U.S. Census Bureau director Steven Dillingham testified Wednesday that he wasn’t informed ahead of time about President Donald Trump’s order seeking to exclude people in the U.S. illegally from the process of redrawing congressional districts.
Dillingham, whose agency is collecting the head count data that will be used for drawing the districts, testified during an emergency hearing that he was unaware of anyone from the Census Bureau playing a role in the order which civil rights groups have called unconstitutional.
The Democratic-controlled House Committee on Oversight and Reform called the hearing last week after Trump issued a memorandum seeking to exclude people in the country illegally from being included during the process for redrawing congressional districts. Civil rights group have filed multiple lawsuits challenging the memorandum as unconstitutional and an attempt to limit the power of Latinos and immigrants of color.
The committee’s chairwoman, U.S. Rep. Carolyn Maloney, a Democrat from New York, said Trump was trying to “weaponize” the census to hurt immigrants and help Republicans.
“Let me be clear: The president’s directive is unconstitutional. It’s illegal, and it disregards the precedent set by every other president, beginning with George Washington,” Maloney said.
Although the Census Bureau has started examining methodologies for complying with the president’s order, that doesn’t change its goal of trying to complete the once-a-decade head count of every person in the U.S., Dillingham said.
U.S. Rep. James Comer, the Republican leader on the committee, said Trump’s order just applied to the process of redrawing congressional districts and didn’t affect how $1.5 trillion in federal spending is distributed. The Kentucky Republican said the order was constitutional. Including people living in the U.S. illegally during the apportionment process would undermine “the principle of one person, one vote,” he said.
The White House has requested an additional $1 billion for the 2020 census to help with the challenges posed by the pandemic, but the Senate is proposing only $448 million, Dillingham said.
Concerns about the virus’s spread caused the Census Bureau to suspend field operations in March and April and push back deadlines, including for wrapping up the head count from the end of July to the end of October. The Census Bureau in April asked Congress to grant it a delay in the deadline for turning over data used for the process of redrawing congressional districts and legislative districts.
If granted, the request would push back the deadline for turning over the data used for apportionment, the process of divvying up congressional seats, from Dec. 31 to April 30. It also would postpone the deadline for turning over data for redistricting legislative and local districts from March 30 to July 31.
The Democratic-controlled House agreed to the extensions as part of coronavirus relief legislation, but the Republican-controlled Senate has yet to do so
Outside experts worry that the extra funding requested by the White House signals an abandonment of the delay requests and is an attempt to speed up the count so that the numbers-crunching process for apportionment is conducted on Trump’s watch.
When asked by Democratic lawmakers if the deadline requests were being dropped, Dillingham said he wasn’t privy to ongoing discussions about the timeline between Congress and the Trump administration.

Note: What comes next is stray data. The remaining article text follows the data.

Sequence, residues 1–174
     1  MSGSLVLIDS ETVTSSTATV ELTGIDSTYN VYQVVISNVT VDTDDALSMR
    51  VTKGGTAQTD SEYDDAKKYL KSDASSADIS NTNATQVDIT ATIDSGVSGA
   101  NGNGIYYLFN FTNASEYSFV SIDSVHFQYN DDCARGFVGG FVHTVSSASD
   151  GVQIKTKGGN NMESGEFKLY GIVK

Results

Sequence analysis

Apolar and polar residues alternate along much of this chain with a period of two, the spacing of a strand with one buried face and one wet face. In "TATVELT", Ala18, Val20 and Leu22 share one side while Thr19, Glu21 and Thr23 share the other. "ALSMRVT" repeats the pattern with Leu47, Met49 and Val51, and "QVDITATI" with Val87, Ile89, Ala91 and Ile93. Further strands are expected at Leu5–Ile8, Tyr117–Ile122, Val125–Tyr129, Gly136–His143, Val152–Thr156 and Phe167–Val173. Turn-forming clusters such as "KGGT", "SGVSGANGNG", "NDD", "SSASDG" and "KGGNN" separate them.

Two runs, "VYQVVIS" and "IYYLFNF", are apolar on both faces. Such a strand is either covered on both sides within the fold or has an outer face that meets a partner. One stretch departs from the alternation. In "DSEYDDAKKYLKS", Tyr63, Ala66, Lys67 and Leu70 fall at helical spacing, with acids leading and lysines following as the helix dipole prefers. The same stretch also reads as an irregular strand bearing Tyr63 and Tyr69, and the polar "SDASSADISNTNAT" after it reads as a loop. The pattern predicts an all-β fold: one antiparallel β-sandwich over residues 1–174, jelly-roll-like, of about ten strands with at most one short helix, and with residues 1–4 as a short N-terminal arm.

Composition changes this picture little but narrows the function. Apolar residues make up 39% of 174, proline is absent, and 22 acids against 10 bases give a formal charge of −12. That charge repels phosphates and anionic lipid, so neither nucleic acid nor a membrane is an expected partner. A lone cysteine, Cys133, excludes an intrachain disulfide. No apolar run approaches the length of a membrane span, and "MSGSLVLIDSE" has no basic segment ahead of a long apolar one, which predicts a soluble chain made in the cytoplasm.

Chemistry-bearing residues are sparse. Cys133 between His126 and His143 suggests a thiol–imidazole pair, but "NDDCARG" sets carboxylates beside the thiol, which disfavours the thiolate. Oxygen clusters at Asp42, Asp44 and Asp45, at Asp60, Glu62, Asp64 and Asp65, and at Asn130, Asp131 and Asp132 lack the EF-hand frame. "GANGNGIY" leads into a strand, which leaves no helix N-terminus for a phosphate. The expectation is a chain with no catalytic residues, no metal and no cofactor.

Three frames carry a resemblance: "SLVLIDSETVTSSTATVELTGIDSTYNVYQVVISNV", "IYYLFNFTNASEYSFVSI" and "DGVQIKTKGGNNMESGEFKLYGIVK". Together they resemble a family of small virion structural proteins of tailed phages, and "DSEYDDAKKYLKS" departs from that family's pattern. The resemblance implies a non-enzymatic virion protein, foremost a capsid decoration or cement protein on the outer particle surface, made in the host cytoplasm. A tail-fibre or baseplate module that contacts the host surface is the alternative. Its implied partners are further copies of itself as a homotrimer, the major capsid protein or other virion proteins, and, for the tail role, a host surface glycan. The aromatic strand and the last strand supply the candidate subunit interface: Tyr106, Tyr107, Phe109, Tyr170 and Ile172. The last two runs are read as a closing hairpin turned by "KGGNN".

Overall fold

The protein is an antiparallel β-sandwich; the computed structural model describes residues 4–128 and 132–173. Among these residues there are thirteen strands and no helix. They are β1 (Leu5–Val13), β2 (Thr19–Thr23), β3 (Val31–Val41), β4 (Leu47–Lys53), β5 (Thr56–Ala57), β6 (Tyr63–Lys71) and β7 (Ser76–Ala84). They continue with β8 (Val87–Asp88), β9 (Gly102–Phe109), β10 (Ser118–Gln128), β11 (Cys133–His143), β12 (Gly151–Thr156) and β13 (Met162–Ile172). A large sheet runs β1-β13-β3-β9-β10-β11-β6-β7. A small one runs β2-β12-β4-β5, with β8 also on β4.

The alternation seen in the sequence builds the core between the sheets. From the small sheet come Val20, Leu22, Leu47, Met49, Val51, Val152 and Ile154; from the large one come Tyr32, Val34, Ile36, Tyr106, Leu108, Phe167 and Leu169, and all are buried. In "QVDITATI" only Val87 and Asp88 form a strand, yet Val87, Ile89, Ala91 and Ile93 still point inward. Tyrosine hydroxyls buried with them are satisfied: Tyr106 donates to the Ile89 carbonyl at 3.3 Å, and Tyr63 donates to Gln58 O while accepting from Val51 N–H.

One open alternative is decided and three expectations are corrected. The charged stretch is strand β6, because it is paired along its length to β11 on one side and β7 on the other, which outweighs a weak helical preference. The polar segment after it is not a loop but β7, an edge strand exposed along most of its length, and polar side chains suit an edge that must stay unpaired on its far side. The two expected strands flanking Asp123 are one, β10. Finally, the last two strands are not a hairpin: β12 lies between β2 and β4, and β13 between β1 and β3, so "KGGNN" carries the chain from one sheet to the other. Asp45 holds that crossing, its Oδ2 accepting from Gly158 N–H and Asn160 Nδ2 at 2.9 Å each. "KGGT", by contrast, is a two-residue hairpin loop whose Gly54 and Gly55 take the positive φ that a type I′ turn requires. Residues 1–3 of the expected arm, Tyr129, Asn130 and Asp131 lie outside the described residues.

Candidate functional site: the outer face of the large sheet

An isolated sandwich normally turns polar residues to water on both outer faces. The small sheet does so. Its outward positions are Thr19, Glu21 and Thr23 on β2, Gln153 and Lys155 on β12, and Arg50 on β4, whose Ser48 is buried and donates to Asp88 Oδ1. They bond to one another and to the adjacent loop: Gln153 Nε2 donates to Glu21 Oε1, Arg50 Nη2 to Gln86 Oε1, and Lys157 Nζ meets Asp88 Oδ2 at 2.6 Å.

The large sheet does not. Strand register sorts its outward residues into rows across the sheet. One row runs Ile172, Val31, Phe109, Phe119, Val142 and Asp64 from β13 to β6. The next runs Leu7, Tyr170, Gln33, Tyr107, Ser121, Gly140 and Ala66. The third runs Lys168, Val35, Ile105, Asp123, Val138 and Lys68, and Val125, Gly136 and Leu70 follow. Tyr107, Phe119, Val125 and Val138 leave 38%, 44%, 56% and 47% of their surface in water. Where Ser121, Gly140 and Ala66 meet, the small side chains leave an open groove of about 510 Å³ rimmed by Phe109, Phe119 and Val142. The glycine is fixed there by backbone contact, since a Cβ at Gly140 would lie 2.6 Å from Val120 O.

“We have, for planning purposes, made assessments and continue to do so,” Dillingham said.
That answer drew a warning from U.S. Rep. Jimmy Gomez, a Democrat from California, that Dillingham’s name “would go down in history if this is the worst census conducted by the United States government.”
“You will be responsible,” Gomez said.
Before Dillingham’s testimony, four former Census Bureau directors who had served under Democratic and Republican presidents testified, as did a law professor.
Maloney asked former Census Bureau Directors Vincent Barabba, Kenneth Prewitt, Robert Groves and John Thompson, as well as Chapman University law professor John Eastman, if Trump’s order violated the law, if every person should be counted and if apportionment needs to include every person, including undocumented workers. All the former Census Bureau directors said yes, and Eastman said no.
Eastman, who was questioned primarily by Republican lawmakers, said allowing people in the U.S. illegally to be included in the apportionment process would “dilute” the votes of citizens “in other places that haven’t encouraged such illegal immigration into those states.”
Last year, Trump issued an order to gather citizenship data on U.S. residents through administrative records after the U.S. Supreme Court blocked his administration’s effort to add a citizenship question to the 2020 census form. Gomez said Trump’s order last week showed what the administration’s true purpose was in trying to obtain citizenship information.
Prewitt warned that administrative records don’t do a good job of determining who is in the country illegally. A committee of experts should be named to set metrics for judging what is considered an adequate census, given all of the obstacles the count has faced, he said.
Thompson, who served as a director of the Census Bureau in the Obama administration, said he worried the president’s order would reduce participation in the census by people in hard-to-count communities, including noncitizens and immigrants.
“I am very concerned that the release of this directive will increase the fear of many in the hard-to-count community that their data will not be safe,” Thompson said. “That is, there will be serious beliefs that their information will be given to immigration enforcement. The end result will be most likely be increased undercounts of these populations.”
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